Here is a word that you will never hear me say when discussing my recent visit to Las Vegas: understated. And here are a few adjectives that I will frequently use: delectable, accessible and stunning.
If you haven’t been to America’s most famous casino/resort city since 1995, you will find the place unrecognizable from a culinary standpoint. Of course, the hotels on the Strip have infamously morphed into these Disney-for-grownups castles of elaborate décor with huge theatres, glamorous poolsides and, of course, acres of gaming floors. And that’s all well and fun, I suppose. But it’s the restaurant scene that led me to suggest to my stepdaughter, Mika, that we celebrate her 21st birthday in Las Vegas this spring.
Now, when you travel with your stepmother to Vegas, there’s a certain level of decorum followed that might not apply if you travel with your girlfriends (wink, wink). As a foodie herself, though, Mika was more than prepared to fully experience the dining scene with an enthusiasm that matched my own.
What stood out in our restaurant adventures was a lovely contrast consistent with everything Vegas. Our two best meals were both positive experiences, one courtesy of the “new” Vegas while the other was most definitely “old school.”
“New” Vegas was represented by Mizumi Restaurant, at Wynn Las Vegas & Encore Resort. This haute Japanese restaurant is truly a new installation at Wynn — it had its launch party just two nights before we went to dine! “Old School” dining was provided by Old Homestead Steakhouse; although a new fixture (6 months) at Caesars Palace, this classic steakhouse includes “circa 1868” in its signage, referencing its original NYC location.
I thought the easiest way to showcase our dining experiences was to present them in chart form. (This has the added benefit of making it seem official, like there should be a test at the end of the post!). While you can’t do a direct apples and oranges comparison of these two different cuisines, you can still appreciate the finesse of both dinners, which were at polar opposites in culinary style.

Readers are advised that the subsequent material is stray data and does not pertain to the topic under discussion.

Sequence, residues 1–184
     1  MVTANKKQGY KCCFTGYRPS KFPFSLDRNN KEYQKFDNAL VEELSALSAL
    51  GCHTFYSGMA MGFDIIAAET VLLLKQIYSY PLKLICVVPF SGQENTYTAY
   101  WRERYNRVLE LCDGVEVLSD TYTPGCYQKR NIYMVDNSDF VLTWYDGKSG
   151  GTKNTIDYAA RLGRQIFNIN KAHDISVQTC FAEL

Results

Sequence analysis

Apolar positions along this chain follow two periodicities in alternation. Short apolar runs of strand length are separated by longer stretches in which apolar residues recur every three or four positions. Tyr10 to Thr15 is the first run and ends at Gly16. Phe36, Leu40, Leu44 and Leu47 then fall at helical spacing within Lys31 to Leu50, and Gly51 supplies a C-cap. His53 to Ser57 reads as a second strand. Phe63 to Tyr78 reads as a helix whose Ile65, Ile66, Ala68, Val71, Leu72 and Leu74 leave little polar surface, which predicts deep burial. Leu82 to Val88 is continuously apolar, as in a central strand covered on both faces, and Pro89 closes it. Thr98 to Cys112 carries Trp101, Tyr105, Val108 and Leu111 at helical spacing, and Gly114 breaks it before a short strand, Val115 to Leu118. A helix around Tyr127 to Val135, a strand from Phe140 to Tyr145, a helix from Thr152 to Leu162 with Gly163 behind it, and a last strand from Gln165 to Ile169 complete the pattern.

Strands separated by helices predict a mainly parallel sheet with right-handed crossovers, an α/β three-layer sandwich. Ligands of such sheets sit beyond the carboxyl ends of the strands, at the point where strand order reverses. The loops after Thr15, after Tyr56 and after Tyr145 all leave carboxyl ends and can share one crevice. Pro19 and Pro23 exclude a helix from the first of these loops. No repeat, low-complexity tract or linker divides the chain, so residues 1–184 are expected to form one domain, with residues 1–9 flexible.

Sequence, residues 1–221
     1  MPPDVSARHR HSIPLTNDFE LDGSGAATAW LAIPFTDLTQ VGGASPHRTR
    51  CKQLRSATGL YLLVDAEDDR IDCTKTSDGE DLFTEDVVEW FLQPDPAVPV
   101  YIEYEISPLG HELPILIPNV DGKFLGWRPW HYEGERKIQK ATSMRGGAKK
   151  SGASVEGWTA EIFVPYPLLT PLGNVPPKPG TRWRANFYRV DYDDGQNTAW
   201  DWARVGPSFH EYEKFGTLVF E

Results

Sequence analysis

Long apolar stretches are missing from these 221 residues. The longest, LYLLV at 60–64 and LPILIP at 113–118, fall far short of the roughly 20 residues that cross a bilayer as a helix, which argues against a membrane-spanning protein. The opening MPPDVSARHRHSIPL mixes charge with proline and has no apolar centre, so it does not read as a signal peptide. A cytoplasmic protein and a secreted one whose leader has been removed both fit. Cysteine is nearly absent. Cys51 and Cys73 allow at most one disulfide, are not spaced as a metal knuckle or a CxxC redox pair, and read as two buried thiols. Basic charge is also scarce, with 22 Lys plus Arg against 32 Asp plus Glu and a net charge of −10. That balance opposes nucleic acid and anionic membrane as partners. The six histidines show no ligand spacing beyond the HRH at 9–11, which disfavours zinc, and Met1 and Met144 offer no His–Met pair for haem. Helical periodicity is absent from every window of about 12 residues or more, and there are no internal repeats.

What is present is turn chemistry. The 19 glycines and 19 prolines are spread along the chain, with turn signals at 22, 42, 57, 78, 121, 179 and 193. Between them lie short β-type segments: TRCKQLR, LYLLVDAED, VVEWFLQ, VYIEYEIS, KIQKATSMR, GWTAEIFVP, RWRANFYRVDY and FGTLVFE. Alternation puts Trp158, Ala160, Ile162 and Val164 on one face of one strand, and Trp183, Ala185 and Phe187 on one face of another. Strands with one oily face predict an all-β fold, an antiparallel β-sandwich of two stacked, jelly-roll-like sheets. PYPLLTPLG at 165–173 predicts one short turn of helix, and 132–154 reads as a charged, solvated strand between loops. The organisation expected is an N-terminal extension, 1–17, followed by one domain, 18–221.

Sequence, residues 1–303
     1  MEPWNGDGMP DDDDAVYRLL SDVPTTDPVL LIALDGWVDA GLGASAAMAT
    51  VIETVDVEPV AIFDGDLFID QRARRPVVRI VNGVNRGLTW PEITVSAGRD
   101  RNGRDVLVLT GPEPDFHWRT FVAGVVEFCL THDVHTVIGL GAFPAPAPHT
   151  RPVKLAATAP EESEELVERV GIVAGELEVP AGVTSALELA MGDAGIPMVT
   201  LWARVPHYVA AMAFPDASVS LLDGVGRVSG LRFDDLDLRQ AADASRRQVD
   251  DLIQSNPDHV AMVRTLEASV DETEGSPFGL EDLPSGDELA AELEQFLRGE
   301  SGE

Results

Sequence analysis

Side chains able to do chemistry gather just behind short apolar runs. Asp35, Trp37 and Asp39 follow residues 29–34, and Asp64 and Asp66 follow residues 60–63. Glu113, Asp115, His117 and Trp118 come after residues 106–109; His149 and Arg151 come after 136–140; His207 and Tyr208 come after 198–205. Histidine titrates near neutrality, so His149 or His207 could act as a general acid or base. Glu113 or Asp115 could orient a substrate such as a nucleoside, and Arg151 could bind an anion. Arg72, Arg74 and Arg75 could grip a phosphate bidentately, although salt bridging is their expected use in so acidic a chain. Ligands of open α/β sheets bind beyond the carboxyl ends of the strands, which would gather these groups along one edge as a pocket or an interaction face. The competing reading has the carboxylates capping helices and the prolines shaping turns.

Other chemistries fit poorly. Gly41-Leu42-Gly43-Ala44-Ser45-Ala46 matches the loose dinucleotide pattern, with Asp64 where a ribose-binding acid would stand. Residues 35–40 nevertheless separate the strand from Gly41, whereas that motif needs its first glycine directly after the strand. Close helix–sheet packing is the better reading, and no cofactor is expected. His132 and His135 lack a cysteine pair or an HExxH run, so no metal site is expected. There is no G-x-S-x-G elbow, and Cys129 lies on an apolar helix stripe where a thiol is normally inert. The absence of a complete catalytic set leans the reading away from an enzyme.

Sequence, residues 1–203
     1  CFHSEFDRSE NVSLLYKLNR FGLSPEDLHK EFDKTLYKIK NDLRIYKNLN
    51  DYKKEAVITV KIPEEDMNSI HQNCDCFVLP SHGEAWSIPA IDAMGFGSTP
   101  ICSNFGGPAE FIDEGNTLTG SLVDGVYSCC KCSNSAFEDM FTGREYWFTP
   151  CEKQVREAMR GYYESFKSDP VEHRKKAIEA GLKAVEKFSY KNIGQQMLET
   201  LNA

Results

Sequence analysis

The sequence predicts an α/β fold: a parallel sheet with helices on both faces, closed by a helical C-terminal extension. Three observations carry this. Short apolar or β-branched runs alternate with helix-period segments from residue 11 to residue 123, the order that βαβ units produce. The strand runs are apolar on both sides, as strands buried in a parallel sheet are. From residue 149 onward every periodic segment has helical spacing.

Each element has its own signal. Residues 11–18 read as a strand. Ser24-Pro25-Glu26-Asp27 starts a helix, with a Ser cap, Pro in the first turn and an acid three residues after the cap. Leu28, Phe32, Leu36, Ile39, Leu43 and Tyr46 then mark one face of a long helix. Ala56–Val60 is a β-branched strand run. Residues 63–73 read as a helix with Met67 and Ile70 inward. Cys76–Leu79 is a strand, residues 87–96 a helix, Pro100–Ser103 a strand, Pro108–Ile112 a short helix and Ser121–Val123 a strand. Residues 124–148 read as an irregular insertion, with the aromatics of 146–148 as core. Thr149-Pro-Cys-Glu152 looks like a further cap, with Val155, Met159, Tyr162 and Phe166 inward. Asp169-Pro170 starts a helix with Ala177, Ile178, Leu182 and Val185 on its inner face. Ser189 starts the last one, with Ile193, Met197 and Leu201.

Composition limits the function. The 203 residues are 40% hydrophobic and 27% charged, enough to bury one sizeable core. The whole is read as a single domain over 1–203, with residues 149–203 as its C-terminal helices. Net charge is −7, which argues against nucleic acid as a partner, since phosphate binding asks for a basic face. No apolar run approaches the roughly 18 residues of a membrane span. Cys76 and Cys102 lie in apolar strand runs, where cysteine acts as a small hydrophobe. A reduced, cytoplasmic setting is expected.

First, though, let me whet your appetite with some visual evidence!
Mizumi, Trio of Cold Plates: Yellowtail Sashimi with Jalapeno Gelée, Wagyu Beef Tartare, King Crab in Taro Tacos
Old Homestead Steakhouse, Shellfish Platter: Maine Lobster, King Crab, Shrimp, Oysters
Impressed? It only gets better — read on!
|MIZUMI||OLD HOMESTEAD STEAKHOUSE|
|Style||Modern Japanese||Classic American|
|Décor||Spacious, modern and airy; white and red colour scheme, clean lines, seating by a waterfall.||Textbook chophouse atmosphere: dark wood, low lighting, big chairs and tables; cozy (the low lighting made food photos a challenge — do forgive the dark shots).|
|Wines||We chose the wine-matching program, to go with each course. A nice mix of sake, whites and reds.||Classic cocktail (Negroni) followed by Robert Biale “Black Chicken” Zinfandel from Napa.|
|Amuse/Starter|| Kumamoto Oyster
– Simple and clean.
| Warm Rolls and Cornbread
|First Course||Warm Mushroom Salad on Mizuna Greens with Tempura Zucchini Blossom
– Fresh, mild flavours; pretty.
|Shellfish Platter: Maine Lobster, King Crab, Shrimp, Oysters
– Flamboyant: a grand platter of ice with an architectural arrangement; lots of lemon and condiments.
|Second Course||Trio of Cold Plates: Yellowtail Sashimi with Jalapeno Gelée, Wagyu Beef Tartare, King Crab in Taro Tacos
– A crispy taro chip made the taco shell; sashimi beautifully cut.
|Steakhouse Wedge Salad: Chilled Iceberg, Maytag Blue Cheese, Bacon, Extra Dressing (on the side)
– Ice-cold, palate-cleansing lettuce, with loads of quality blue cheese. Note: we split the salad — that photo below is a half-order!